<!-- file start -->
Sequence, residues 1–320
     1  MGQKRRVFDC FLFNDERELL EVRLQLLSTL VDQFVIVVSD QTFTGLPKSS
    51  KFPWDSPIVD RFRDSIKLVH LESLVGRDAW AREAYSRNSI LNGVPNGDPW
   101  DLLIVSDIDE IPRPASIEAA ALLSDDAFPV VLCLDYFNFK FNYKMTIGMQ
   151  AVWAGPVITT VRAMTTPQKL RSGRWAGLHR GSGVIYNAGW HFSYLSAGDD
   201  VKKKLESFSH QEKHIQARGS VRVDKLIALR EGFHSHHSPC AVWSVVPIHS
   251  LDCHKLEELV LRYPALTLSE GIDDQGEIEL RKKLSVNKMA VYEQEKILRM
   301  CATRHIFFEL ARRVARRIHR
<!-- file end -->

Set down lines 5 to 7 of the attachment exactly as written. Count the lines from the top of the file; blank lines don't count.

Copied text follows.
   151  AVWAGPVITT VRAMTTPQKL RSGRWAGLHR GSGVIYNAGW HFSYLSAGDD
   201  VKKKLESFSH QEKHIQARGS VRVDKLIALR EGFHSHHSPC AVWSVVPIHS
   251  LDCHKLEELV LRYPALTLSE GIDDQGEIEL RKKLSVNKMA VYEQEKILRM